The ferrite inductor material 25 also provides loading on the conductors particularly for high frequencies.

FIG. 3 illustrates a modification of the invention wherein the capacitors 27 are eliminated and the upper portion 50 of the member 12 is formed with grooves 51 into which the conductors 16a through f are received. Individual cylindrical ferrite inductors 42a through 42f are formed with central openings 43 through which the portions 22 of the conductors 16a through 16f extend and the individual cylindrical-shaped inductors 42 are placed about each of the conductors 16 during assembly.

The embodiments illustrated in FIGS. 1-4 may also be provided without a cover so as to reduce the size of the connector in the upper portion relative to FIGS. 1 and 3. It is to be noted in FIG. 3 that the capacitors have been eliminated and only the ferrite inductors 42a through 42f are provided. Also, in the embodiment of FIG. 1, the capacitors 27 may be eliminated and only the ferrite material 25 be utilized.

Thus, it is seen in the present invention that the bottoms of the capacitors are connected to the individual conductors which are depressed under the capacitors due to depressions in the plastic body and the conductors act as springs to make positive contact with the capacitors as well as to allow clearance variation and size in temperature expansion. Both ends of the capacitors may be soldered to the cover member and the conductors if desired. This soldering may be done by heating by induction with solder paste at both ends.

The cover may be formed in two pieces with a top cover which is the ground plane and second portion may be a three sided U-shaped structure joined to the top cover by soldering.

Although the invention has been described with respect to preferred embodiments, it is not to be so limited as changes and modifications can be made which are within the full intended scope of the invention as defined by the appended claims.


1. A modulator telephone jack comprising an insulating body member formed with an opening for a mating connector, a plurality of electrical contacts mounted in said body member, a plurality of parallelepiped capacitors with first ends in contact, respectively, with said plurality of electrical contacts, an electrically conducting cover member mounted to said body member and engaged by the second ends of said plurality of parallelepiped capacitors, means for grounding said electrically conducting cover member, and ferrite inductor material surrounding said plurality of electrical contacts so as to provide series inductive loading, and wherein said body member is formed with a depression over which said plurality of electrical contacts pass and said first ends of said parallelepiped capacitors engage said electrical contacts over said depression so as to deflect said electrical contacts into said depression.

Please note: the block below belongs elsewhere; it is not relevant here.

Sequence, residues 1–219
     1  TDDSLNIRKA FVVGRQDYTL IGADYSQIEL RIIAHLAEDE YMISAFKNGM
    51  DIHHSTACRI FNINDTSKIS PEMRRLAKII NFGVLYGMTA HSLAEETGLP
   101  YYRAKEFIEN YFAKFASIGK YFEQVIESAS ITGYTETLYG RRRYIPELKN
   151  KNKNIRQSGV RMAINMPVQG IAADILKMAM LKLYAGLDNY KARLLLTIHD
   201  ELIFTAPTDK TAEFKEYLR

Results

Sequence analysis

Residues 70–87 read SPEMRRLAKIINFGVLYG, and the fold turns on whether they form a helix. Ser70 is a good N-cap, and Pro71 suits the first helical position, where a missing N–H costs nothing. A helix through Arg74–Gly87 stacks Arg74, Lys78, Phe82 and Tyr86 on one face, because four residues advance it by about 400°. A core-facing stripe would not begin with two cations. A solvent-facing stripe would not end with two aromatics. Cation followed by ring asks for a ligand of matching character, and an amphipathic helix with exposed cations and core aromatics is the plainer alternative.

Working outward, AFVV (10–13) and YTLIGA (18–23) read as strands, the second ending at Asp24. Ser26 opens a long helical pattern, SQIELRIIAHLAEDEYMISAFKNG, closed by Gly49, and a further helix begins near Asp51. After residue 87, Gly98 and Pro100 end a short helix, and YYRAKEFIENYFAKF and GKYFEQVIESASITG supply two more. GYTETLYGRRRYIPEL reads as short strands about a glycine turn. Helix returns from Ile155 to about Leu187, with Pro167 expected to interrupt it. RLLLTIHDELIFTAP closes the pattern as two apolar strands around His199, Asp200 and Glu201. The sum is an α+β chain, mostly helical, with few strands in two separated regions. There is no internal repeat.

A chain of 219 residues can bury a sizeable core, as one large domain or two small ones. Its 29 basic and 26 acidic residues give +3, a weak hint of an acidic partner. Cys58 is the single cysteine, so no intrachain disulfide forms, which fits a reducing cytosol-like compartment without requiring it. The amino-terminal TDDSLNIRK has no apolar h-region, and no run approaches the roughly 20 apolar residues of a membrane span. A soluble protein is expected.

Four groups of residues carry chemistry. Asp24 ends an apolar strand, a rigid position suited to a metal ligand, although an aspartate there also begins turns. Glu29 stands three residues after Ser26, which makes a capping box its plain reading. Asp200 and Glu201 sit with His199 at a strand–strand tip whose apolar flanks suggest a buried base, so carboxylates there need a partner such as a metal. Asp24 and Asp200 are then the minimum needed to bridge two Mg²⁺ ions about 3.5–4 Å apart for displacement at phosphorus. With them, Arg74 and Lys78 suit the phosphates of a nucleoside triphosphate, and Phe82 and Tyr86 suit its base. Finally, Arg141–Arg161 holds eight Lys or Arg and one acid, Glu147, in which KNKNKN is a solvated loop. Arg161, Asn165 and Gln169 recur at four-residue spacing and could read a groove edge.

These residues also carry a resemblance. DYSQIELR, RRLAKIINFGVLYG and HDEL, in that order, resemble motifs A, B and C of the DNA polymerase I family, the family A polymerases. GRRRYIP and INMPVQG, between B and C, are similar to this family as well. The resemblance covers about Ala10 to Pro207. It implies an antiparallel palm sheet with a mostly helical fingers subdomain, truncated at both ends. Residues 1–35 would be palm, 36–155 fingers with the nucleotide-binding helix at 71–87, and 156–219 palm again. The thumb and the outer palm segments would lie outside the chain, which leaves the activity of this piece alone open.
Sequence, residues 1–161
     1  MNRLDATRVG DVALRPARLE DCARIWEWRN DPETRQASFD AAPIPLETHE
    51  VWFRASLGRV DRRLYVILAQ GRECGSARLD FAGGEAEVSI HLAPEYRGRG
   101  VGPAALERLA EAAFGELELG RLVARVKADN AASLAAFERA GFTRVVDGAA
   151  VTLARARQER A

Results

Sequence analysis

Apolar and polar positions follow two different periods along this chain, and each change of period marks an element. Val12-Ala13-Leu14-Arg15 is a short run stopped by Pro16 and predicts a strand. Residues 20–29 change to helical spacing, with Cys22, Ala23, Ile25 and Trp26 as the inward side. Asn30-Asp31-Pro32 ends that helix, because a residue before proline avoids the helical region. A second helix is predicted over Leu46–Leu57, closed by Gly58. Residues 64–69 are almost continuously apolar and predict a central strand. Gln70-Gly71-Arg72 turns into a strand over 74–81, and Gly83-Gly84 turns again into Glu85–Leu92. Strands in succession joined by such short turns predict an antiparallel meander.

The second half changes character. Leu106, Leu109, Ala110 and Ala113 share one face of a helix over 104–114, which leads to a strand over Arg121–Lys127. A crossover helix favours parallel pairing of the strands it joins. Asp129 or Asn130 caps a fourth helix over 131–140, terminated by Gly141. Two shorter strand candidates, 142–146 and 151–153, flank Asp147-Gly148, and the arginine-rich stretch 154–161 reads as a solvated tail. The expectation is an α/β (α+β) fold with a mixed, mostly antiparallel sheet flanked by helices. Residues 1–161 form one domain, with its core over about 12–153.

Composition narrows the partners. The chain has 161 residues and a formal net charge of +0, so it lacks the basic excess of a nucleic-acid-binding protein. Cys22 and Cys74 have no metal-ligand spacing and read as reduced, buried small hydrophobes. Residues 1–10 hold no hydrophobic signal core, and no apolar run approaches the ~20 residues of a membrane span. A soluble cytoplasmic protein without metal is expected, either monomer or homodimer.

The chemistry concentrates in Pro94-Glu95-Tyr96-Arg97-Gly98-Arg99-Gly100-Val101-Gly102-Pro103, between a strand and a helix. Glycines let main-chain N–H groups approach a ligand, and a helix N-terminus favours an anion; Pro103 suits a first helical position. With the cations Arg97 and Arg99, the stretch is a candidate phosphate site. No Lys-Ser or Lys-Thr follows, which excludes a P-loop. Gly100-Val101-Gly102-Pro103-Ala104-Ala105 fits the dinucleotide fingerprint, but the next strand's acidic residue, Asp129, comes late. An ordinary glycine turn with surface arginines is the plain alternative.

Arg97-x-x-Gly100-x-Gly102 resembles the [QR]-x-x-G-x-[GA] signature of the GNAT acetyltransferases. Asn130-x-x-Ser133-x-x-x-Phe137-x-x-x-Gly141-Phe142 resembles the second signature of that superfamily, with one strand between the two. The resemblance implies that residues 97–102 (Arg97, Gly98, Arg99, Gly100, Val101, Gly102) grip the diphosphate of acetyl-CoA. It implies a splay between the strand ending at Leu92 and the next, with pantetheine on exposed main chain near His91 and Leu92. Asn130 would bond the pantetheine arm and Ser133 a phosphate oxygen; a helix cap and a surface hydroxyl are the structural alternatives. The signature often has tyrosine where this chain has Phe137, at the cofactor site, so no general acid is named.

2. A modular jack according to claim 1 wherein said electrically conducting cover member is soldered to second ends of said plurality of parallelpiped capacitors.

3. A modu1ar jack according to claim 1 including an electrically insulating member formed with a plurality of holes in which said plurality of parallelpiped capacitors are respectively mounted and said insulating member is located between said cover member and said plurality of electrical contacts.

4. A modular jack according to claim 1 including a printed circuit board formed with at least one mounting opening, and said body member formed with at least one mounting prong which is receivable through said mounting opening to attach said modular jack to said printed circuit board and said plurality of electrical contacts to circuit paths on said printed circuit board.

5. A modular jack according to claim 4 including a conductive grounding area on said printed circuit board and at least one electrically conducting tab extending between said conductive grounding area and said electrically conducting cover member.

6. A modular jack according to claim 1 wherein said ferrite material is a unitary mass which surrounds a number of said plurality of electrical contacts.

7. A modular jack according to claim 1 wherein said ferrite material comprises a plurality of discrete inductors which surround said plurality of electrical contacts.

8. A modular jack according to claim 7 wherein said plurality of discrete inductors are cylindrical-shaped and are each formed with an opening through which a respective one of said electrical contacts extend.

Referenced Cited
U.S. Patent Documents
2355182 August 1944 Shoup
2940058 June 1960 Foster
3201698 August 1965 Irelan
3356969 December 1967 Przybyszewski
4020430 April 26, 1977 Vander Heyden
4110696 August 29, 1978 Meeks
4267529 May 12, 1981 Brun et al.
4374369 February 15, 1983 Sakamoto et al.
4383225 May 10, 1983 Mayer
4486721 December 4, 1984 Cornelius et al.
4506235 March 19, 1985 Mayer
4519664 May 28, 1985 Tillotson
4636752 January 13, 1987 Saito
4641224 February 3, 1987 Reimer
4656451 April 7, 1987 Pomponio
4659163 April 21, 1987 Althouse et al.
4673900 June 16, 1987 Blamire et al.
4675629 June 23, 1987 Sakamoto et al.
4683450 July 28, 1987 Max et al.
4695105 September 22, 1987 Ney et al.
4695115 September 22, 1987 Talend
4698598 October 6, 1987 Mobley et al.
4700155 October 13, 1987 Sakamoto et al.
Other references
  • Interference Control Training Courses Dec., Apr., 1987-1988 Electrical Noise Suppression. Publication Tokin EMC Interface Cables TSC Series Printed in Japan.
Patent History
Patent number: 4772224
Type: Grant
Filed: Sep 2, 1987
Date of Patent: Sep 20, 1988
Assignee: Corcom, Inc. (Libertyville, IL)
Inventor: Donald R. Talend (Wauconda, IL)
Primary Examiner: Gil Weidenfeld
Assistant Examiner: Gary F. Paumen
Law Firm: Hill, Van Santen, Steadman & Simpson
Application Number: 7/92,607
Current U.S. Class: 439/607; 439/620
International Classification: H01R 1366;